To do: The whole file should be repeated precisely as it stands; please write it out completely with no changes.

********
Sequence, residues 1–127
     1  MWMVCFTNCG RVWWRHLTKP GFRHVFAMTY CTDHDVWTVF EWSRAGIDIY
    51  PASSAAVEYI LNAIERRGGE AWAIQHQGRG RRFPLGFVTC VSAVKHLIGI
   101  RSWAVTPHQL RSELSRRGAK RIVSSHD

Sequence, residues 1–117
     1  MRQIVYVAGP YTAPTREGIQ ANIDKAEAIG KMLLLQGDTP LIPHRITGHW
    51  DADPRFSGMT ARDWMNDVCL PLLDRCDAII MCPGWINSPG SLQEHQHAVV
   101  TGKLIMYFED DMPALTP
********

Sequence, residues 1–127
     1  MWMVCFTNCG RVWWRHLTKP GFRHVFAMTY CTDHDVWTVF EWSRAGIDIY
    51  PASSAAVEYI LNAIERRGGE AWAIQHQGRG RRFPLGFVTC VSAVKHLIGI
   101  RSWAVTPHQL RSELSRRGAK RIVSSHD

Sequence, residues 1–117
     1  MRQIVYVAGP YTAPTREGIQ ANIDKAEAIG KMLLLQGDTP LIPHRITGHW
    51  DADPRFSGMT ARDWMNDVCL PLLDRCDAII MCPGWINSPG SLQEHQHAVV
   101  TGKLIMYFED DMPALTP